For the second feature in my series about looking for the plot details that developers hide in their video games, I wanted to introduce a franchise that I have no doubt will be the focus of this series time and time again. I’ll be looking at radio messages again, this time in Bioshock 2. This game, the second in the trilogy, is what I might call the unsung hero of the franchise, to be quite honest with you. It is not as famous as the other two games, lacks the iconic twists of the first installment and the Baker-voiced protagonist of Infinite and, when I began my playthrough of all three games, was the one I was least looking forward to.
I must confess, however, I enjoyed it more than the first game.
What is Bioshock 2 all about, and why should I care?
With a prologue set in 1958, two years before the first game and about a year before the civil war, Bioshock 2 can be viewed as the resolution of the Rapture storyline. In many ways, it is a game that didn’t need to happen and yet still released to critical acclaim and managed to solidly develop the story of the first game. Many, however, find it disappointing in some way or another, which I completely understand, but that doesn’t stop it from being a great game. You play as Subject Delta a Big Daddy who was part of Alpha Series alongside Subject Sigma, the protagonist of the Minerva’s Den DLC, whose story plays off the main game as an interesting parallel to Delta’s. In 1958, before the fall of Rapture, Subject Delta had a strong bond with a Little Sister called Eleanor. Eleanor Lamb, daughter of the antagonist Dr Sophia Lamb.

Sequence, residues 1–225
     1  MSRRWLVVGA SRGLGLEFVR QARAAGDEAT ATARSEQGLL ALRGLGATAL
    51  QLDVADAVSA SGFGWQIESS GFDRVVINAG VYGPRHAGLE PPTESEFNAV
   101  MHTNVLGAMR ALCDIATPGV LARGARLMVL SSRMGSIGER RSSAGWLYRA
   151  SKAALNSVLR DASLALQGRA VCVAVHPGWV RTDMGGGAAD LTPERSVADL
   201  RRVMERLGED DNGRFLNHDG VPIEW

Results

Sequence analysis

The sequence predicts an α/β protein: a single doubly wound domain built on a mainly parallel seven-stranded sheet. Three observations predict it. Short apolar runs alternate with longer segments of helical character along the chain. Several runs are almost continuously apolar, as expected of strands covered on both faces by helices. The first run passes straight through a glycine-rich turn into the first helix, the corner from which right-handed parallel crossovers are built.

I should clarify my earlier statement by saying that I do not think this is a perfect game, nor do I even think it is better than the first. I was shocked to find that not only is Bioshock a horror game, it is a really good horror game, as well as everything else it accomplishes. Comparing the two in that way, for example, is one way of showing how Bioshock 2 doesn’t stand up to its predecessor. However, I still enjoyed it more, despite liking playing as Delta less than Jack Ryan. One thing I love about it that many overlook is how it complements the story that so intrigued us in the first installment. We learn so much more about Rapture and the past as well as what happened to some of the characters we met.